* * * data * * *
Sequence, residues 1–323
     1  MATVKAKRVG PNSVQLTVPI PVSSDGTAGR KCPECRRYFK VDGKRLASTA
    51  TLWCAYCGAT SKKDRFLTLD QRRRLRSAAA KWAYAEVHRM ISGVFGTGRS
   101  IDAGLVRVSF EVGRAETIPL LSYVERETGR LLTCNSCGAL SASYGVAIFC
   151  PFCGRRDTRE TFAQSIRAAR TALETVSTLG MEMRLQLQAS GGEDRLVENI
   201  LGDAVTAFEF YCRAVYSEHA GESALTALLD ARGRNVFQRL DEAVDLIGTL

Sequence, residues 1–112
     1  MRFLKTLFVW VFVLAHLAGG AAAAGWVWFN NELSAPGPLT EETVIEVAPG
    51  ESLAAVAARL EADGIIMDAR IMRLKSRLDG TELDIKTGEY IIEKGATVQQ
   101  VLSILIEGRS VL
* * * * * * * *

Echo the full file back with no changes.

Sequence, residues 1–323
     1  MATVKAKRVG PNSVQLTVPI PVSSDGTAGR KCPECRRYFK VDGKRLASTA
    51  TLWCAYCGAT SKKDRFLTLD QRRRLRSAAA KWAYAEVHRM ISGVFGTGRS
   101  IDAGLVRVSF EVGRAETIPL LSYVERETGR LLTCNSCGAL SASYGVAIFC
   151  PFCGRRDTRE TFAQSIRAAR TALETVSTLG MEMRLQLQAS GGEDRLVENI
   201  LGDAVTAFEF YCRAVYSEHA GESALTALLD ARGRNVFQRL DEAVDLIGTL

Sequence, residues 1–112
     1  MRFLKTLFVW VFVLAHLAGG AAAAGWVWFN NELSAPGPLT EETVIEVAPG
    51  ESLAAVAARL EADGIIMDAR IMRLKSRLDG TELDIKTGEY IIEKGATVQQ
   101  VLSILIEGRS VL